In 1998, voters in Washington passed Initiative 200 by a wide margin. This initiative prohibited state-operated colleges and universities from considering race in admission decisions.
This year, the legislature placed an initiative on the ballot asking the state’s voters to approve a referendum that would allow public colleges and universities once again to consider race in admissions decisions. Voters were presented with a choice to “allow the state to remedy discrimination for certain groups and to implement affirmative action, without the use of quotas or preferential treatment (as defined), in public education, employment, and contracting.”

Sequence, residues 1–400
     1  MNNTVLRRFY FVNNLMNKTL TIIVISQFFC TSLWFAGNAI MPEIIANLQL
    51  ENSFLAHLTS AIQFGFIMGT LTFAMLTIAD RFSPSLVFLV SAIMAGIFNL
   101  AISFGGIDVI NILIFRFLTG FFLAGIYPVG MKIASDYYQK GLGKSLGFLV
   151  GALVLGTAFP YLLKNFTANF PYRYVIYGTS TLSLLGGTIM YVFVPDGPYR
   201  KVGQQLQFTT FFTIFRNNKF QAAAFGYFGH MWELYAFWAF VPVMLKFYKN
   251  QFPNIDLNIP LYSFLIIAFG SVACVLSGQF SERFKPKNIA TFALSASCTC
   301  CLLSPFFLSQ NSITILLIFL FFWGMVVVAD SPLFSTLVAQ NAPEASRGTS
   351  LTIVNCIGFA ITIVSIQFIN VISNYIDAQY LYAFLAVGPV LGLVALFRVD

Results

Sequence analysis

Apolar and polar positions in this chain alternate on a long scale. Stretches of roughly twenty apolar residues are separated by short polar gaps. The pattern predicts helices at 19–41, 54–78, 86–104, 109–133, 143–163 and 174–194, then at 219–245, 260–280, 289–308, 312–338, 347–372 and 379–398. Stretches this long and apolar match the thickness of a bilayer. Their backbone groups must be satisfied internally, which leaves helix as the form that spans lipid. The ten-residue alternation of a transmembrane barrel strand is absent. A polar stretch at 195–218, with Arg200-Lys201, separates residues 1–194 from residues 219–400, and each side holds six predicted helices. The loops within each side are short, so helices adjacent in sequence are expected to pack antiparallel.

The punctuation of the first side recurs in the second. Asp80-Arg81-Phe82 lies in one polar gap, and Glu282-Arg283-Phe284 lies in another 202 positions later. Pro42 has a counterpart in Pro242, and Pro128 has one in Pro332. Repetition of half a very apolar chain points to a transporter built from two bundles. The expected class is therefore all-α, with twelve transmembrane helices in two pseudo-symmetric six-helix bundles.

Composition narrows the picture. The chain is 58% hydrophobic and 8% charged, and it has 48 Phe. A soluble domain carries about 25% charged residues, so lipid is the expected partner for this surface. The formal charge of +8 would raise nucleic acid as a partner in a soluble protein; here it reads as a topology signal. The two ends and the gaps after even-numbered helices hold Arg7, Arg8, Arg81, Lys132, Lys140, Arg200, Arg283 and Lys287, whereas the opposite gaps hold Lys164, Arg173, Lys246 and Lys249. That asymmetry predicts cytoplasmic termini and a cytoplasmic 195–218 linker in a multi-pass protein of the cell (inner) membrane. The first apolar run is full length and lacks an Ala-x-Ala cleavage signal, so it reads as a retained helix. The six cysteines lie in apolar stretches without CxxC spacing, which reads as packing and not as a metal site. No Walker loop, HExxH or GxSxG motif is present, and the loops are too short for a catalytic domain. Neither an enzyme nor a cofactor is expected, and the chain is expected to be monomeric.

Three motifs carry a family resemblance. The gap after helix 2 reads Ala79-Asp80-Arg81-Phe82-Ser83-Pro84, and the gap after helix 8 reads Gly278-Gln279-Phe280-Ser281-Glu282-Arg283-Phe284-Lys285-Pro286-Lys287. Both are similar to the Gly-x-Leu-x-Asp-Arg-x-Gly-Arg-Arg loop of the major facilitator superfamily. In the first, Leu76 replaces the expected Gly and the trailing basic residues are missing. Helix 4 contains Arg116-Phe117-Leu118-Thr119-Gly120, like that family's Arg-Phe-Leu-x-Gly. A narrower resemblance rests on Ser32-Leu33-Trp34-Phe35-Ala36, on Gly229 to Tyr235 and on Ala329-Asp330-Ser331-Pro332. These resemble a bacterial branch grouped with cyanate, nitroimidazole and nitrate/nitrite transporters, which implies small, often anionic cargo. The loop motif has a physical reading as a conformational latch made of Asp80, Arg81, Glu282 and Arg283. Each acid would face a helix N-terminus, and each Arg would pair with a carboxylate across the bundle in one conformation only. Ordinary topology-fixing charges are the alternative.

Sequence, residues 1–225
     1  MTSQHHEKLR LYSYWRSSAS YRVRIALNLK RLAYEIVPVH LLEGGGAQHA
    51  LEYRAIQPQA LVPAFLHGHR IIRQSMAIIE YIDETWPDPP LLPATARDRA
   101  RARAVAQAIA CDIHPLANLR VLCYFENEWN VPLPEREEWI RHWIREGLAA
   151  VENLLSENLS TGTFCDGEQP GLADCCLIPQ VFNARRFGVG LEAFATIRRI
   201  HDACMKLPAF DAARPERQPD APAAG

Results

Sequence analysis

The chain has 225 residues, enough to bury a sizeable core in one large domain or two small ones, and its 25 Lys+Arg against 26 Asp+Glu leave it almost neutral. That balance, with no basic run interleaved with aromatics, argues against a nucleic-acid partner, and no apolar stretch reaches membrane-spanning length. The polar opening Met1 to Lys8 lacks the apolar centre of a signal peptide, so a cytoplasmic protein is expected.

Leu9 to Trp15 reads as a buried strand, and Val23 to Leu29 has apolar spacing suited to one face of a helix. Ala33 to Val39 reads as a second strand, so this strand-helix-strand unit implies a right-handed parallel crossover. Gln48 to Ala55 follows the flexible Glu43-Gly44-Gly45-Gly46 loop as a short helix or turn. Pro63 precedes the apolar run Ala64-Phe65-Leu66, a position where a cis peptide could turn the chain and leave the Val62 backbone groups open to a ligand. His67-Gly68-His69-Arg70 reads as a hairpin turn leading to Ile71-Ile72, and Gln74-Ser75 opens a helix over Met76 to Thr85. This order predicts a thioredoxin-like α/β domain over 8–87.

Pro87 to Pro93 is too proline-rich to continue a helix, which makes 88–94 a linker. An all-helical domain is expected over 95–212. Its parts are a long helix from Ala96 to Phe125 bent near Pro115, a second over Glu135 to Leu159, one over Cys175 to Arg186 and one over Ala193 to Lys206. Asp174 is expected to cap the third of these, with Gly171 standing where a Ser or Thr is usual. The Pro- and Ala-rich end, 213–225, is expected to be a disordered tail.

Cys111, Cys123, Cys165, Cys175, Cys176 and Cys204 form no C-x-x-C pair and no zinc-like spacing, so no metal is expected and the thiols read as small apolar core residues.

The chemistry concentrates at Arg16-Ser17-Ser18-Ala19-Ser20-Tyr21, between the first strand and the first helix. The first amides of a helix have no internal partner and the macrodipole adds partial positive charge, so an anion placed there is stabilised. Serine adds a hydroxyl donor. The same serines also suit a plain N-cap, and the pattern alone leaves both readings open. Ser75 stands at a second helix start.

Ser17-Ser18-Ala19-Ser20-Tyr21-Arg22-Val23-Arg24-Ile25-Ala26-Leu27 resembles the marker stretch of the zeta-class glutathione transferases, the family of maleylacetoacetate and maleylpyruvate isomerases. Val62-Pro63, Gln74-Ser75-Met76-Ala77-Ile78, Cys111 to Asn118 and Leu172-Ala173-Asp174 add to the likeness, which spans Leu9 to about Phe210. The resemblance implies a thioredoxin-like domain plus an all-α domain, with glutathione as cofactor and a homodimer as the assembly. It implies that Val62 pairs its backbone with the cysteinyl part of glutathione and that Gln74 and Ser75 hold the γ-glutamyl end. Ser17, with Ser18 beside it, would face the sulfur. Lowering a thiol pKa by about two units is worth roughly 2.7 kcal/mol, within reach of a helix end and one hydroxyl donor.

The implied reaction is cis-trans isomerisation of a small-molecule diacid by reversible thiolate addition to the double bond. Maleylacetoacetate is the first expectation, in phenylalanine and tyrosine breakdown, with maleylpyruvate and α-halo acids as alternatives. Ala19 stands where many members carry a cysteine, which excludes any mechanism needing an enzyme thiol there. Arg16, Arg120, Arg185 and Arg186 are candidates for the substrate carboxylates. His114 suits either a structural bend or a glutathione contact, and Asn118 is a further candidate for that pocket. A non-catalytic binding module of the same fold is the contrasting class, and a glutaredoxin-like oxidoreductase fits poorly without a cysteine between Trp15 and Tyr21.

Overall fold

The summary of the measure that appeared on the ballot states that “this measure would allow the state to remedy documented or proven discrimination against, or underrepresentation of, certain disadvantaged groups. It would allow the state to implement affirmative action in public education, employment, and contracting if the action does not use quotas or preferential treatment.”
But on Tuesday, November 5, voters in the state of Washington rejected the measure by a slim margin. Voters in rural areas of the state rejected the effort to reinstate race-sensitive admissions by a large margin. The measure won a majority of the votes in just three counties in the state.